It is to be appreciated that the individual keys of the keyboard array generally have a distance of travel T when the key is actuated to move it from its inoperative (up) to its operative (down) position as is shown by dotted line illustrating inoperative (up) position 34 of the key 16 in FIG. 2. The key cover portion 28 moves downwardly with key 16 as shown in FIG. 2. In order to assure that little or no force is required by the operator to move the sidewalls 30, 32 of the membrane and to prevent compression of such sidewalls upon movement thereof, thereby decreasing the "touch" or "feel" of each key, it is necessary to assure that the lower portion of the sidewalls 30, 32 do not extend completely into valley 33 between adjacent keys. Thus, in a most preferred embodiment of the invention, it is preferable if the length of the sidewall portions D of the membrane (measured along the sidewall of the key) is less than the height H of the key (measured along the sidewall of the key).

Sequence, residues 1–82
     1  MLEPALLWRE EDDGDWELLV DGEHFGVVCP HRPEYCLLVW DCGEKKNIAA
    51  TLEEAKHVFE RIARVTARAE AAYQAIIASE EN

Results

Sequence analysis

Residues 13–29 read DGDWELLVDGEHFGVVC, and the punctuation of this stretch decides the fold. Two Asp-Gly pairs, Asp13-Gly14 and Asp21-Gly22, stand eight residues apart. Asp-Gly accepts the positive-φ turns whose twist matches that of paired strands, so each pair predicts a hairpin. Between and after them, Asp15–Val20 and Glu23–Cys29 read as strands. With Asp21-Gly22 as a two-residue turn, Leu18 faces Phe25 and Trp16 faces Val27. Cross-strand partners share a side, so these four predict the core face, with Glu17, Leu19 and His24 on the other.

It should thus be appreciated that when a key is actuated by pressing key cover portion 28 membrane 24 the sidewall portions 30, 32 will deform as shown at 35, 37 but will not be placed in compression nor will they bind in valley 33 and thus the "touch" or "feel" of the individual keys will be preserved. FIG. 2 illustrates the orientation of the membrane 24 when key 16 is in its operative (down) position.
In another embodiment of the invention it is desired to completely enclose the keyboard assembly by means of a low-cost membrane. As is shown in FIG. 3a the keyboard assembly 36 is completely covered with membrane 24 except for opening 38 (FIG. 3). The opening 38 exposes the lower portion of the keyboard assembly 36 but is otherwise completely encapsulated by membrane 24. A means such as a mental or plastic plate 40 may be fastened to the keyboard assembly by means of suitable fastening devices, such as screws (not shown in FIG. 3) so as to compress the tailpiece 50 of membrane 24 between plate 40 and keyboard assembly 36. As is more clearly illustrated in FIG. 3a, screw 41 facilitates the compression of tailpiece 50 of membrane 24 between plate 40 and keyboard assembly 36. This compression permits membrane 24 to act as a seal thereby completely enclosing the keyboard from outside contaminants such as water, dust, etc. Plate 40 may carry supporting feet 42, 44, 46, 48. Alternatively the feet 52, 54, 56, 58, if provided on the keyboard assembly, may be covered by the tailpiece 50 of membrane 24.